Gun owners know firearm laws. We must. The slightest slip-up can result in serious consequences. This is why gun owners’ eyes roll when firearm ignoramuses talk about gun policy. It doesn’t take long to tell whether a gun control bill was written by someone who understands firearm laws and regulations.
One of the most basic rules that law-abiding gun owners must follow is “don’t turn your gun into a machine gun.” The consequences for breaking this rule are serious.
To help make sure innocent people don’t accidentally become felons, a “machine gun” has a very simple definition: when you pull the trigger, more than one bullet is fired. If you cannot make your gun fire multiple bullets with a single trigger pull, then you don’t have a machine gun.
When I read President Donald Trump’s memo to Attorney General Jeff Sessions, my eyes rolled before I even made it past the memo’s subject line: “Application of the Definition of Machinegun to ‘Bump Fire’ Stocks and Other Similar Devices”
The real eye-rolling really kicked in a little further down the page: “Today, I am directing the Department of Justice to dedicate all available resources to complete the review of the comments received, and, as expeditiously as possible, to propose for notice and comment a rule banning all devices that turn legal weapons into machineguns.”
That is already illegal. It is illegal for anyone without the proper permits and licenses to modify their semi-automatic weapon to fire multiple bullets with a single trigger pull.
I own multiple bump stocks. One of them I 3D printed myself, just to prove that modern technology makes banning them pointless. I did not manufacture a machine gun. I manufactured a stock that moves freely along a rifle’s buffer tube.
The buffer tube is the piece of aluminum that an AR-15’s stock attaches to. The buffer tube has deliberately drilled holes that allow a shooter to collapse their butt stock to change the rifle’s length of pull. That allows for an AR-15’s stock to be pinned into place, either permanently in states with assault weapon bans or temporarily in the case of collapsible stocks.
A bump fire stock, at its core, is nothing but a thumbhole stock (where the pistol grip and stock are one piece) that is not pinned in place on a rifle’s buffer tube. The bump fire stock moves forward and backward on the buffer tube as the rifle is fired, allowing the shooter to harness the rifle’s recoil to reset the trigger faster than their trigger finger muscles could on their own.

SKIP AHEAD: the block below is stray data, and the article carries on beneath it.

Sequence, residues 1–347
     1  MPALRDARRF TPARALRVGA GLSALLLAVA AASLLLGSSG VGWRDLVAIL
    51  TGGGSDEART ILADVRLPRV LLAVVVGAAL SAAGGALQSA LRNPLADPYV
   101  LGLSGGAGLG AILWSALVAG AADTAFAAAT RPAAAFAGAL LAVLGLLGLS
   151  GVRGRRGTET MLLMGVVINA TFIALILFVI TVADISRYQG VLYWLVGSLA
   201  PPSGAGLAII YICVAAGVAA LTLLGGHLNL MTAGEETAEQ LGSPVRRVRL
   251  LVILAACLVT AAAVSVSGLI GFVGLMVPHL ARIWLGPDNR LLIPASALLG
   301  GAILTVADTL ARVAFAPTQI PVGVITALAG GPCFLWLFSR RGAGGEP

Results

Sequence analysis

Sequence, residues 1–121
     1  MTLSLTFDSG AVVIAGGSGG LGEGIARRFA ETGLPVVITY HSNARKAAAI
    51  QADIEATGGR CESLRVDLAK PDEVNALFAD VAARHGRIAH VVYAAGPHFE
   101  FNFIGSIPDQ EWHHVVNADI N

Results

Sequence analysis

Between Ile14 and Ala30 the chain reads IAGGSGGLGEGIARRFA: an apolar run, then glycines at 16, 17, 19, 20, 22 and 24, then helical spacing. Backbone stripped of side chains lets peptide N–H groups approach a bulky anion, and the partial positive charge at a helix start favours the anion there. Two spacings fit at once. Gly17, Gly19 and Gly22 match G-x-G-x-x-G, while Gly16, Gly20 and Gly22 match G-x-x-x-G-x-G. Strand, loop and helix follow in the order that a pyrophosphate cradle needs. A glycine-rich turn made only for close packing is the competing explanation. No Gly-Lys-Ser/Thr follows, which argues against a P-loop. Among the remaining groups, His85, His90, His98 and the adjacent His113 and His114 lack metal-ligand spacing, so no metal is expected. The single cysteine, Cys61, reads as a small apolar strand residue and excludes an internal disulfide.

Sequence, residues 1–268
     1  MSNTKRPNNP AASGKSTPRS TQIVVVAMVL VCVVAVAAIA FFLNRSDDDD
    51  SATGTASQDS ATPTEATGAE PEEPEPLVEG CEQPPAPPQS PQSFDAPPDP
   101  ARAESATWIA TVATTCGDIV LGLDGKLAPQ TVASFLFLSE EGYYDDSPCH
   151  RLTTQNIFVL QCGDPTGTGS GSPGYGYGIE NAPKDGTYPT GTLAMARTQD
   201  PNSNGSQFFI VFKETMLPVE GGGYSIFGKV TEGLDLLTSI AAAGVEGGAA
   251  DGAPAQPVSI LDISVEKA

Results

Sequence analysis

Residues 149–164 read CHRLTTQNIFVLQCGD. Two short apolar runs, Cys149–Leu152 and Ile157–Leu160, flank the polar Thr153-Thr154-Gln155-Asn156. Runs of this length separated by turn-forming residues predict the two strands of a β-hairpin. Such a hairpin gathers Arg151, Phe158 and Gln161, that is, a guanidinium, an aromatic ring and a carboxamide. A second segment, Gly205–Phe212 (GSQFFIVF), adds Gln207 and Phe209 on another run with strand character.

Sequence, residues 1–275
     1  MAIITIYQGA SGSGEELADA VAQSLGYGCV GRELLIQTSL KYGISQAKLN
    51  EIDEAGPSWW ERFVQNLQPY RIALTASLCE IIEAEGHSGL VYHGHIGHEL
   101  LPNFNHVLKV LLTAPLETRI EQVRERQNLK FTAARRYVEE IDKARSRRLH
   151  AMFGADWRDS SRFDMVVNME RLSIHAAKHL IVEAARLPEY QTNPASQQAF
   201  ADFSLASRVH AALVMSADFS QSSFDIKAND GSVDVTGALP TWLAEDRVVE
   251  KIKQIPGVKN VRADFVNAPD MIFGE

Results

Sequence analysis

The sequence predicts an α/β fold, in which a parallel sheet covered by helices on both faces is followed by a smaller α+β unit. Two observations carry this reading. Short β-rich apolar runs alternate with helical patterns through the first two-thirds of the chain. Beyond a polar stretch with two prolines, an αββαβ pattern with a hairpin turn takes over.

A bump stock does not change the mechanics of the rifle in any way, shape, or form. It does not turn a semi-automatic rifle into a machine gun. Trump’s memo’s instructions cannot be applied to bump stocks without radically redefining the definition of a machine gun. The only way the ATF can ban bump stocks is if they change the definition of a machine gun to include rifles that fire just one bullet per trigger pull.
This is impossible to do by executive fiat. The definition of a machine gun was codified into law by Congress in the National Firearms Act of 1934. “The term ‘machine gun’ means any weapon which shoots, or is designed to shoot, automatically or semiautomatically, more than one shot, without manual reloading, by a single function of the trigger.”
I hate slippery slope arguments, but this is a slippery slope. A machine gun is easily defined: one trigger pull results in multiple bullets being fired. Defining it any other way would not only be an abuse of power — the executive cannot rewrite a statute — but it would put an entire class of legally owned firearms in the crosshairs. For years, gun control advocates have tried to conflate semi-automatic and automatic firearms. They have tried desperately to convince an uninterested public that AR-15s are just as dangerous and even the same thing as automatic firearms.
This proposed regulation would complete that process. It buys into the gun control talking point that AR-15s are weapons of war. If this is enacted, semi-automatic rifles will be on the chopping block. Not today, not next year, but eventually. How can Americans be trusted with owning something that is just one pulled stock pin away from becoming a machine gun?
It is possible to bump fire a semi-automatic rifle using your belt loop. You can also bump fire a standard AR-15 by holding the stock a small distance away from your shoulder and allowing the recoil to push the rifle backwards. Heck, if you don’t have a belt loop, you can bump fire a rifle by holding it at your hip and pulling the trigger with your thumb. Are belt loops “machine guns?” Are thumbs “machine guns?” Are the air molecules between the rifle and your shoulder “machine guns?”
Why are we even having to ask these absurd questions when we have a Republican president who has an A+ rating from the National Rifle Association?